• This means that if you want to deploy the artifact downloaded from the Maven repository at a later stage, you won’t need to modify it again to match your Jakarta EE 10 runtime.

The key ingredient to applying the transformation in a Maven project is the Maven plugin transformer-maven-plugin. This plugin can be installed as an extension, and then it can hook into the standard Maven build mechanism and modify the final build artifact.

The Maven plugin provides two goals:

  • jar – this goal transforms application packages, like JAR, WAR and EAR files. It can either modify them in place, or create their transformed version in a separate file
  • transform – this goal transforms directories (before they are packed into JAR, WAR or other application packages). It can be used on exploded directories before they are deployed to an app server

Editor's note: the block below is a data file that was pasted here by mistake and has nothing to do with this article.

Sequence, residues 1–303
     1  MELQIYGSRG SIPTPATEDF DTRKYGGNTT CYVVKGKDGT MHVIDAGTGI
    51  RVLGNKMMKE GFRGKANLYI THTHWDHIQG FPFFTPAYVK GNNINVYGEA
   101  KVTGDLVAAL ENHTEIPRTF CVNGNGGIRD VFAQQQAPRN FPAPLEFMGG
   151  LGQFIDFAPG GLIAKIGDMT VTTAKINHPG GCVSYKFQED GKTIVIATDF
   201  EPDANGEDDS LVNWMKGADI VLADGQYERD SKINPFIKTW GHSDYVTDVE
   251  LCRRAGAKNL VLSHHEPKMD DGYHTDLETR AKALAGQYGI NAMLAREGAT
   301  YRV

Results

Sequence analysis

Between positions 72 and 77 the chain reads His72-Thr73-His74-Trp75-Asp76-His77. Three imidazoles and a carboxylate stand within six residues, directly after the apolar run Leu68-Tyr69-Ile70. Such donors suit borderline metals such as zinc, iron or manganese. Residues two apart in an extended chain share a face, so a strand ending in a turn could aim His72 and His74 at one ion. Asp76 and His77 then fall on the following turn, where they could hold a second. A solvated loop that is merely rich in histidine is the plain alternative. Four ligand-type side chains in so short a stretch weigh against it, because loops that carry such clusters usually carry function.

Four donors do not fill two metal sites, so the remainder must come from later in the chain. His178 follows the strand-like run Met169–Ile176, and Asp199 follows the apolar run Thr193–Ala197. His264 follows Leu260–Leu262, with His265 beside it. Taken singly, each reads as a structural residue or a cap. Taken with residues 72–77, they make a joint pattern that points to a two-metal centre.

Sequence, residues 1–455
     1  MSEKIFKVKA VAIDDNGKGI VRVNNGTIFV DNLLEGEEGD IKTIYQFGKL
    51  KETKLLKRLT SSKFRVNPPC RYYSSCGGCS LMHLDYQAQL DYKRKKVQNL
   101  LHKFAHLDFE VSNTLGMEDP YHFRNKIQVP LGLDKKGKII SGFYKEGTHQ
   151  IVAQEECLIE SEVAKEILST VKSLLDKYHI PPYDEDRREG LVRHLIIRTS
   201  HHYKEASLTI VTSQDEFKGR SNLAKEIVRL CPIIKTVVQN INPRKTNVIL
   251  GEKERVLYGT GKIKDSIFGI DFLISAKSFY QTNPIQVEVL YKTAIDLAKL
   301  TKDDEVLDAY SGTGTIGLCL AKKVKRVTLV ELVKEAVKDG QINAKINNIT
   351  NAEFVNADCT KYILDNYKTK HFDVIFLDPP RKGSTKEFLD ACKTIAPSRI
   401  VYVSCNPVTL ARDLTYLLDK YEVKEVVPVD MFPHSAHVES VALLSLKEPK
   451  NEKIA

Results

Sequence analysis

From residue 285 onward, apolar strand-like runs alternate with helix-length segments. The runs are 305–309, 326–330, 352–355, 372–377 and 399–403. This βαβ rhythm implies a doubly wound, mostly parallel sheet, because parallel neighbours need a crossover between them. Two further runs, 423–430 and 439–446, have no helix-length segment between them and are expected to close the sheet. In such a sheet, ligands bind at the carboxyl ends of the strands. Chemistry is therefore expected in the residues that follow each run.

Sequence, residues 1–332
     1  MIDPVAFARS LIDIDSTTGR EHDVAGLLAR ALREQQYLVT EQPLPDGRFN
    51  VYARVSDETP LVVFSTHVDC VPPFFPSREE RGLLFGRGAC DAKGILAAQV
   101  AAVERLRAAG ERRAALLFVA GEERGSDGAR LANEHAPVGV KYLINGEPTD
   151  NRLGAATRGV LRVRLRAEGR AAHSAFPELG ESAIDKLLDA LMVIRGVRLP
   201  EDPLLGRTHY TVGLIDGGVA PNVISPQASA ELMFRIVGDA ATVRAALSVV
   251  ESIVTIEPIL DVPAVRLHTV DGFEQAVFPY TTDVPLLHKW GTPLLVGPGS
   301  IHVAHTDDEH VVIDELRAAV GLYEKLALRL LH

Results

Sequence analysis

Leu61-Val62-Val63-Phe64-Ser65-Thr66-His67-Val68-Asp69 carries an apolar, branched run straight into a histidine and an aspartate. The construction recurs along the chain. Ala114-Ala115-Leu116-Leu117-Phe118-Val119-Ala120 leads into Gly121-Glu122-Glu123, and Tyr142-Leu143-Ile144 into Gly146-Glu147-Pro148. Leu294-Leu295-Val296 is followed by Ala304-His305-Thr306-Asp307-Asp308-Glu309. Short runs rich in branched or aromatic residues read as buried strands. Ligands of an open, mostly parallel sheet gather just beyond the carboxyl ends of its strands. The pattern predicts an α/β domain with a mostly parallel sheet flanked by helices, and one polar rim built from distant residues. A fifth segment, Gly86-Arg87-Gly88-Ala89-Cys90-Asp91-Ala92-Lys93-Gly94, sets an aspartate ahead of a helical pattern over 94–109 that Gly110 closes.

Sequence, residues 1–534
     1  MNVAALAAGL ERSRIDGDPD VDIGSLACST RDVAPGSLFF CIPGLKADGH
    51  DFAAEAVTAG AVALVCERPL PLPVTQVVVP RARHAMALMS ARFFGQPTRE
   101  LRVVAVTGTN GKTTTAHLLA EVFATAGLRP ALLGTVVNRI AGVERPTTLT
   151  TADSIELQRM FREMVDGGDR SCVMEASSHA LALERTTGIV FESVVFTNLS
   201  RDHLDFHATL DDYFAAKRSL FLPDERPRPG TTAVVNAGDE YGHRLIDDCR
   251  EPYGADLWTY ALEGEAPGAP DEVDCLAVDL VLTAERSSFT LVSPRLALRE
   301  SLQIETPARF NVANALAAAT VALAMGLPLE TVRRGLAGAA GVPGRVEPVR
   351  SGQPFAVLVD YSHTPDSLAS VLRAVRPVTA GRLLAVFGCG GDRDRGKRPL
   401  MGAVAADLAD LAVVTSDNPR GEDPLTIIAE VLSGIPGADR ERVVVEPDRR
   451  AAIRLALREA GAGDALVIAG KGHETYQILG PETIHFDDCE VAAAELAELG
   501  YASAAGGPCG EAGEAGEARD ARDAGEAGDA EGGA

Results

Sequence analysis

In our example application, we use both plugin goals. The jar goal is used to transform the final artifact file, which is required to deploy the file later or deploy it to a Maven repository. The transform goal is optional and is used to transform the exploded directory, which is often used during development by various IDEs to deploy the application. Using the transform goal is optional but makes it easier to develop the application until it is fully migrated to Jakarta EE 10 and Eclipse Transformer is needed no more.

To include the plugin into your project, add the following plugin definition to the pom.xml file:


This adds the plugin as an extension (required to modify the final artifact) and applies the default rule to convert the files and packages renamed in Jakarta EE 9.